Review Activities

  • Elementary
Kristen Labrie

This year I am focusing on making sure that I build in review activities.  I don’t always want to just ask questions at the beginning of my lesson to see what students remember. I want some activities that get my students up and moving, wanting to participate. Studies show that game-based learning increases student achievement. My students come in each day looking forward to whatever review activity I have planned and that enthusiasm carries into my lesson. I find that my students have a much better attitude about studying more difficult content after playing an engaging game. I like it it because I know it isn’t just a game, it is reinforcement of prior learning.

Here are some of my favorite review games I have used this year:

Review Ball

This is a super simple game that only requires a small basketball hoop. I got mine at the Dollar Store and just covered the backboard with scrapbook paper to match my room. I have it hanging on my front board and pose a question to the class before calling on someone to answer. If that person answers correctly, they get to get up and shoot a basket. If they make it, they earn a point. I switch it up all the time; sometimes we do it as groups and sometimes as individuals. You can change it up however it suits your needs. Sometimes I let the person who answered the question choose who is going to shoot the basket if they don’t want to or will have two students shoot at the same time with the first to get it in winning the point.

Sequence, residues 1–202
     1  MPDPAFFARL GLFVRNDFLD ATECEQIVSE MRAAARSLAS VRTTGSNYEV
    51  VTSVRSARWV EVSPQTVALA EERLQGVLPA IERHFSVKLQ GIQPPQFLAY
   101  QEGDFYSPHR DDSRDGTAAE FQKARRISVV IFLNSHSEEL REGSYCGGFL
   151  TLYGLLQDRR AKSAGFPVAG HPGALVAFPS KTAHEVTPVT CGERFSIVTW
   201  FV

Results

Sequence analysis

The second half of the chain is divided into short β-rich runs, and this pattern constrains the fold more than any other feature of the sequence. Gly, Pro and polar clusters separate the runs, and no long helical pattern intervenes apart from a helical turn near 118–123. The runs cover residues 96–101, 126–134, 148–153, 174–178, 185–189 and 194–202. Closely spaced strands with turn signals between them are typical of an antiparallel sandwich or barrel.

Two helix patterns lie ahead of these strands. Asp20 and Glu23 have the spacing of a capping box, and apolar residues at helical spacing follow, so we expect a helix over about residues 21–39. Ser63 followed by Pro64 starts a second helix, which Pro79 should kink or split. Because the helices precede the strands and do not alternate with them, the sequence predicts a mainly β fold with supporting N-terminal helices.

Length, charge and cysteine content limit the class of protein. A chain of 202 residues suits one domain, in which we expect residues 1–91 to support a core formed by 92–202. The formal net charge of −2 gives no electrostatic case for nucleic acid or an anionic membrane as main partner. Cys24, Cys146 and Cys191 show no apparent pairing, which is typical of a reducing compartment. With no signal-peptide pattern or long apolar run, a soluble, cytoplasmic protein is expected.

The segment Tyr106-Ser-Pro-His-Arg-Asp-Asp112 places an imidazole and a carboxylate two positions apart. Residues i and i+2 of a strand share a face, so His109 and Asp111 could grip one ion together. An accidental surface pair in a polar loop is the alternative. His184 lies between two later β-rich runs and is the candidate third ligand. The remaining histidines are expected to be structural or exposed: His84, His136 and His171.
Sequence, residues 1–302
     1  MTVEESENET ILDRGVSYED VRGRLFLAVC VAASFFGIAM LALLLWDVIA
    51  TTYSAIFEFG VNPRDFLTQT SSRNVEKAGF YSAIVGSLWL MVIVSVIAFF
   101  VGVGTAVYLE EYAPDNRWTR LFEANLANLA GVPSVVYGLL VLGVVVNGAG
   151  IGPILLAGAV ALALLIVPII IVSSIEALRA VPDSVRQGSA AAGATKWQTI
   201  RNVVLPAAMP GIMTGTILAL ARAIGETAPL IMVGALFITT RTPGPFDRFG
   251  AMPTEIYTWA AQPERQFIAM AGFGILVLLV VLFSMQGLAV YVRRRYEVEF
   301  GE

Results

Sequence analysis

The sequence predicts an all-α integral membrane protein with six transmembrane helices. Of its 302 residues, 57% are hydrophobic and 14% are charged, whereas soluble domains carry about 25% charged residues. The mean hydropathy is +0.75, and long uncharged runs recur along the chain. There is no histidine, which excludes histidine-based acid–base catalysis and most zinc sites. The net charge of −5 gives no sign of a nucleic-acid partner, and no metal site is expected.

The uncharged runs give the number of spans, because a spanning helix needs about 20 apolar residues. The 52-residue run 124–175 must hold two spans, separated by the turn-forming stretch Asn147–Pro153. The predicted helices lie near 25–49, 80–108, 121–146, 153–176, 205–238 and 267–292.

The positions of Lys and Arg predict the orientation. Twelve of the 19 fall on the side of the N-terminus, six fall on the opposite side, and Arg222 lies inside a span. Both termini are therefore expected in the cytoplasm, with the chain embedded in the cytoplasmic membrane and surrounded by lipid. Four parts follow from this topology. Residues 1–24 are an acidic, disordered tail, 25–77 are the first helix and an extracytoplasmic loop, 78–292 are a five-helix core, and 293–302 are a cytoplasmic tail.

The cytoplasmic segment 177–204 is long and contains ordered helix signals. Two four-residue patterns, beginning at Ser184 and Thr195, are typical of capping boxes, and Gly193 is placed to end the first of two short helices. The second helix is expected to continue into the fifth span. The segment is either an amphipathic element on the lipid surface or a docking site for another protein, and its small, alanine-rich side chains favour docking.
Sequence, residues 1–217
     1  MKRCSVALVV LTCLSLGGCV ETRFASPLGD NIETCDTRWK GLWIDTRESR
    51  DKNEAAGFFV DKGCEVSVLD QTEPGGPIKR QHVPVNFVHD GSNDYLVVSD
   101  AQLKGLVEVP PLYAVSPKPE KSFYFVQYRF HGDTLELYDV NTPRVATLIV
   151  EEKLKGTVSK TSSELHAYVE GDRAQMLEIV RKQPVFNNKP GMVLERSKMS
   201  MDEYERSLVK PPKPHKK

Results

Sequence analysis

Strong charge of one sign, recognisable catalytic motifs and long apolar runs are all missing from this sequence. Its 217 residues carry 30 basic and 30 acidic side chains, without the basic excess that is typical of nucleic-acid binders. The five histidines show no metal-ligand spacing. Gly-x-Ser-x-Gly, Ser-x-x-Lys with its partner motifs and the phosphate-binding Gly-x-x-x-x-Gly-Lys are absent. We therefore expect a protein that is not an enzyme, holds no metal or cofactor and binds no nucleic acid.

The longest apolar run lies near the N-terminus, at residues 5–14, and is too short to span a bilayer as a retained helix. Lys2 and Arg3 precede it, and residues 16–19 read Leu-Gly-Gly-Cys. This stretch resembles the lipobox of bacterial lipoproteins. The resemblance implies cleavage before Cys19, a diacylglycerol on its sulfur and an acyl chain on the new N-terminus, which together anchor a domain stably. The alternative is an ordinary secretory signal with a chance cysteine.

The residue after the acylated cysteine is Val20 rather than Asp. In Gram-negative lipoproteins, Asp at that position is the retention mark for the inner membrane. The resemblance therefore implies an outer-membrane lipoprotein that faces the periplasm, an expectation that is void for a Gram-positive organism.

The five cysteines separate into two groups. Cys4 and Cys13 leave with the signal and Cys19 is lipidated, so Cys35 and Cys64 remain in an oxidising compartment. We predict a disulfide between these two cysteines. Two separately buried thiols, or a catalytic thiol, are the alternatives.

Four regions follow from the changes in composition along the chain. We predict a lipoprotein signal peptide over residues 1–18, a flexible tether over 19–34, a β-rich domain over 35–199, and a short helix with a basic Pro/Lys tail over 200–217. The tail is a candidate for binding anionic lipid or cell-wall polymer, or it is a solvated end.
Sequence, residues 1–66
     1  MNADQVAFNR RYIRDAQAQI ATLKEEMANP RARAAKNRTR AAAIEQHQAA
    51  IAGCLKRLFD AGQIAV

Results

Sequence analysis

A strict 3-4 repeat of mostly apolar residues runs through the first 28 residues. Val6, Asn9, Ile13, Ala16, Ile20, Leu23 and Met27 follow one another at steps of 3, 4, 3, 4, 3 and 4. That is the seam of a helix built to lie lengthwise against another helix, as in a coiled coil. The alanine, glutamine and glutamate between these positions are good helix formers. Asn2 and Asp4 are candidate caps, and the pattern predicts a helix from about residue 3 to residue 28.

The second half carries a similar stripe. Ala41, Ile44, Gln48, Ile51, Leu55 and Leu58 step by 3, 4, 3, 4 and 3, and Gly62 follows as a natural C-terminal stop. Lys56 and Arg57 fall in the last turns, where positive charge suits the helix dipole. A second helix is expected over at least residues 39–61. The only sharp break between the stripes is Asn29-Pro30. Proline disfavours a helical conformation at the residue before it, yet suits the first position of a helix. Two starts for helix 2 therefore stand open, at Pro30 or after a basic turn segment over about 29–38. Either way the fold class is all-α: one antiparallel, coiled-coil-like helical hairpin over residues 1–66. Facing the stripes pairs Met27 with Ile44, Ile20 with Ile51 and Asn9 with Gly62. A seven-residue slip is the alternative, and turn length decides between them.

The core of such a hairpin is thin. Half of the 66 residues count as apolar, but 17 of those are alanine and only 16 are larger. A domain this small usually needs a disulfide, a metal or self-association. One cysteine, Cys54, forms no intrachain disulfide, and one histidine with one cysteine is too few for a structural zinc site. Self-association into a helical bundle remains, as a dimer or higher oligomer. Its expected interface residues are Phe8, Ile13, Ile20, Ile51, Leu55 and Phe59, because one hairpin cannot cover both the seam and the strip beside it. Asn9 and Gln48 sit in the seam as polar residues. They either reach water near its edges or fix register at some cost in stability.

What’s My Word?

All you need for this game are some sticky notes and a little time to write. Simply write down key words that you want kids to know on each note and then place the sticky note on their forehead. Students then have to get up and walk around, asking other students only yes or no questions to try and figure out what their word is. This can be used with almost anything you are studying. For example, while doing a unit on mythology, I would write down all the names of the Greek gods and goddesses. If I am trying to guess my word (which is Zeus) I could ask questions like; Am I a god? Yes. Is the lightning bolt my symbol? Yes. -etc.


My kids love this one! I first bought several fly swatters at the Dollar Store. I write a bunch of words from whatever we are studying on the board and choose two students to come up and each hold a fly swatter. I ask a question and the first student to slap the correct answer earns a point for their team. They then choose the next person to come up. Recently, I did it as a vocab review. The students had to slap the vocab word that matched the definition I read.

Statement Sort

This is a great game if you are studying a topic that can be sorted. You write the categories up on the board. I typed up statements that would go under each category and taped them on the side of the board. I then called up however many students I had statements for to grab a statement and tape it under the category of best fit.. After all statements are up, I tell the class the number of statements that are under the wrong category. I don’t say what statement or what category. I then ask a student to come up and select a statement they feel is under the wrong category and they must state why they feel it is incorrectly placed and what category it should be moved to and why. I love this one because it gets kids to explain their thinking.

Beach Ball